Peace at last: How to avoid almost every phone scam call: Internet Scambusters #1,006
Scam calls are costing Americans $30 billion a year, with one in every five of us having lost money to phone crooks.
In this week's issue, we'll explain the simple steps you need to take to block most calls, or what to do if you want to stop them almost completely.
Plus, we have three new scam alerts to help keep you out of the clutches of crooks.
Let's get started…
Block Those Scam Calls, Spam Calls, and Robocalls Now!
Scam calls, don't you just hate them? And they're not just about pre-recorded robocalls either. Spam calls from real people are also part of the daily torture most of us endure as our landline and cell devices continue to pester us.
Last year, scam calls cost almost 60 million Americans a total of nearly $30 billion. Robocalls accounted for 60 percent of these, but the rest were made by humans. And the biggest offenders were insurance marketers.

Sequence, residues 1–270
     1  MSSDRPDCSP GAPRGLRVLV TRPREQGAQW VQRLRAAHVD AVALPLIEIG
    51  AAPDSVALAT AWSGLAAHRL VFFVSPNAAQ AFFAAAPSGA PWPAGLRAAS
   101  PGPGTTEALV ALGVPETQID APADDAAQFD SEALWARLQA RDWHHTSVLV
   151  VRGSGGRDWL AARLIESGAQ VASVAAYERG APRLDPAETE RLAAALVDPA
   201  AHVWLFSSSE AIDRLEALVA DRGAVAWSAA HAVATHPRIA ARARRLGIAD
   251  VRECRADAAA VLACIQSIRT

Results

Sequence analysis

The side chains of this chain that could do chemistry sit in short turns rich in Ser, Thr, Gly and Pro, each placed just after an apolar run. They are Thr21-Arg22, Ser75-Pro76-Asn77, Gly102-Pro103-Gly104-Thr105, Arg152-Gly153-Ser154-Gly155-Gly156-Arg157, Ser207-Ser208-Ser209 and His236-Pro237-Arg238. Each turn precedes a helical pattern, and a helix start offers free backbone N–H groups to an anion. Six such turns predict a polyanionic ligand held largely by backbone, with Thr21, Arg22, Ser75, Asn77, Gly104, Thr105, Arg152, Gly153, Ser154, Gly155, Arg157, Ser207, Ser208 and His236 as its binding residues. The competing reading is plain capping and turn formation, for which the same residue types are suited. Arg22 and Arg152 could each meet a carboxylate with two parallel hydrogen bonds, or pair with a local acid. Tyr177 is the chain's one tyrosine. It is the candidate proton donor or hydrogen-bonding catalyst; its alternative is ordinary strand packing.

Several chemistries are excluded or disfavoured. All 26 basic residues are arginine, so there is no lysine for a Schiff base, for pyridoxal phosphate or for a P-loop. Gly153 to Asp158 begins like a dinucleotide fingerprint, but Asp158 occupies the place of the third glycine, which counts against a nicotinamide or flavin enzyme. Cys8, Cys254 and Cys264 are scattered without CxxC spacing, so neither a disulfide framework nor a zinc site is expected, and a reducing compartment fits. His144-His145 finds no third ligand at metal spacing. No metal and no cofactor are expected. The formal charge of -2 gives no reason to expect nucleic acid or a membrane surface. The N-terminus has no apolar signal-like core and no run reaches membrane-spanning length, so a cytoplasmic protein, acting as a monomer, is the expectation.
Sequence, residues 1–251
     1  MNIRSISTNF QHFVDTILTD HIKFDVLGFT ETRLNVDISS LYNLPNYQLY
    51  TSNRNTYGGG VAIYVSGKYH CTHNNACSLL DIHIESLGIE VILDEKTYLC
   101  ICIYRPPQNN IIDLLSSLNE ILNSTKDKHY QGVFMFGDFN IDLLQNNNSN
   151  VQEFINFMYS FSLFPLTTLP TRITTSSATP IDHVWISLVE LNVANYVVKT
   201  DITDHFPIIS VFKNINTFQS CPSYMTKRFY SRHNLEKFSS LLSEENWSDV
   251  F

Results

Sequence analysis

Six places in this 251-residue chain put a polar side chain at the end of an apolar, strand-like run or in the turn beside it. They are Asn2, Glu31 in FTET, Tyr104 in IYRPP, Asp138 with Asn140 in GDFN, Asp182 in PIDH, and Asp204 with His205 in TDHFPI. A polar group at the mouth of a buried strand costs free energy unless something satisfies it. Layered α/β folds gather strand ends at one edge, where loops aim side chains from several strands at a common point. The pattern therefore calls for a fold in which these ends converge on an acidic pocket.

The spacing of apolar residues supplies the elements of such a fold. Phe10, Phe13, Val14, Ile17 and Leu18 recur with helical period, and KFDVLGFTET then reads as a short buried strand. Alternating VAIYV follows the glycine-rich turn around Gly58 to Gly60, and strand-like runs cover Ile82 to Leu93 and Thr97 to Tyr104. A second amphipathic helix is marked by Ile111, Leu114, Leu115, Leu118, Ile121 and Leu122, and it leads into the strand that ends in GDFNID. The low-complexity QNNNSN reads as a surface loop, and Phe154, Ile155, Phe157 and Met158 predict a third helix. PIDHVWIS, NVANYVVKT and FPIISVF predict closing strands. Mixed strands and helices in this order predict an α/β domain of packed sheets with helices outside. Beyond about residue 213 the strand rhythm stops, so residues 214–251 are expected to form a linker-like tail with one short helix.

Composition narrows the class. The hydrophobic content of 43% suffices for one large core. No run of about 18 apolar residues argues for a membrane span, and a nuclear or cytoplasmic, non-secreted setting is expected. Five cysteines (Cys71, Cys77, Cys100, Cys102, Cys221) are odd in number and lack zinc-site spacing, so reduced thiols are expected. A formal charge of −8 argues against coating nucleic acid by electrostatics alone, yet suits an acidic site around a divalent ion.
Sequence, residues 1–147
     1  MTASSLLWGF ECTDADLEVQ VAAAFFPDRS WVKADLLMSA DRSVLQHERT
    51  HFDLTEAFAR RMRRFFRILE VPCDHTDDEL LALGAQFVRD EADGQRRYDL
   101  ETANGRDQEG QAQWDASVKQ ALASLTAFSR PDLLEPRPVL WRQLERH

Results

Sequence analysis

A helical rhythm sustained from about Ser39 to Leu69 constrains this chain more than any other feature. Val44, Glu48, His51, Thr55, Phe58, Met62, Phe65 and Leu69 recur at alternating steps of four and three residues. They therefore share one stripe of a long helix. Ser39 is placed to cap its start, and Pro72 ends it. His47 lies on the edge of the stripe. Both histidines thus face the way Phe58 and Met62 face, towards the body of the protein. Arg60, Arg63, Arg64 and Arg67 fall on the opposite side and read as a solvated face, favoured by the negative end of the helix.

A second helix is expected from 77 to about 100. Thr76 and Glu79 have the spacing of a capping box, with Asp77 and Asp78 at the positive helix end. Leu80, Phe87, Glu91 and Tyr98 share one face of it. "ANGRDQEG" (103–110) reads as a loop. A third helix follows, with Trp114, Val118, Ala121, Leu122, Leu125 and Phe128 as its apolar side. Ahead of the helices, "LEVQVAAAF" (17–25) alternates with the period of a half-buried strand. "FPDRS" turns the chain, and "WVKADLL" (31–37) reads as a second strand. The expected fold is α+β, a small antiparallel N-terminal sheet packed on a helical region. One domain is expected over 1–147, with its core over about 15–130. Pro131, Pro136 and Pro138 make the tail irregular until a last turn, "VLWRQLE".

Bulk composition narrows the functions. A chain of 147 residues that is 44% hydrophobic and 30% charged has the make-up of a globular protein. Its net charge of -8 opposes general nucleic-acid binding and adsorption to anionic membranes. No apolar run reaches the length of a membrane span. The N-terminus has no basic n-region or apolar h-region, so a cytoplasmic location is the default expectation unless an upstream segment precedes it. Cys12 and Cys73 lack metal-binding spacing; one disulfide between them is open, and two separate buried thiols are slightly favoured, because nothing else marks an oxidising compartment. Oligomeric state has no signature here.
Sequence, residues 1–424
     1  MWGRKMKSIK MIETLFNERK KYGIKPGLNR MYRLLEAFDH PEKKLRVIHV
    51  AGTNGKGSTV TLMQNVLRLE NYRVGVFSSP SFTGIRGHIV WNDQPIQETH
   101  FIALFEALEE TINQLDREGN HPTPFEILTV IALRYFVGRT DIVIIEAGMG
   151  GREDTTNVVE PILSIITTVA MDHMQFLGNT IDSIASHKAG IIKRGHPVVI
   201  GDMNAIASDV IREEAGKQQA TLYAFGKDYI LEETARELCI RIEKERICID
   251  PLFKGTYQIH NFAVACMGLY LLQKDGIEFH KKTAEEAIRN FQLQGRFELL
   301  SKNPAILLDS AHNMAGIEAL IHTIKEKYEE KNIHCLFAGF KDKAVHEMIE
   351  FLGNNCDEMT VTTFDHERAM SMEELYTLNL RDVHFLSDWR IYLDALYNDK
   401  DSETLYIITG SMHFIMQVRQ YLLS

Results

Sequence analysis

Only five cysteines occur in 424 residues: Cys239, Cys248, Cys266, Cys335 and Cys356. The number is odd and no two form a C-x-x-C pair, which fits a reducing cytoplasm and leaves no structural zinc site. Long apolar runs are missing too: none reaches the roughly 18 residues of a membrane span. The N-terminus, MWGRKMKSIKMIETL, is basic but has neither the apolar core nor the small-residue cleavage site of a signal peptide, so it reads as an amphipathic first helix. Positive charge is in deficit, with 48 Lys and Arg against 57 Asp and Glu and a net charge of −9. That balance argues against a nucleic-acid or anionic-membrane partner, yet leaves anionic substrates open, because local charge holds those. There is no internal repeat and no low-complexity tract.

The nub of the problem is simply this: Scam call rogues aren't interested in rules. Yes, there are laws about what unsolicited callers can and cannot do. And there's a national Do Not Call registry, which lists the names of people who don't want to be harassed.
But this means nothing to crooks and, sadly, sometimes even legitimate firms who fail to follow the rules. Plus, they have technology to help them -- to disguise where and from whom a call is coming, to automatically call thousands of targets every hour, and even voice robots that can pass themselves off as real people.
Fortunately, though, there are now more ways than ever to beat most of these phone call crooks, both with apps and hardware.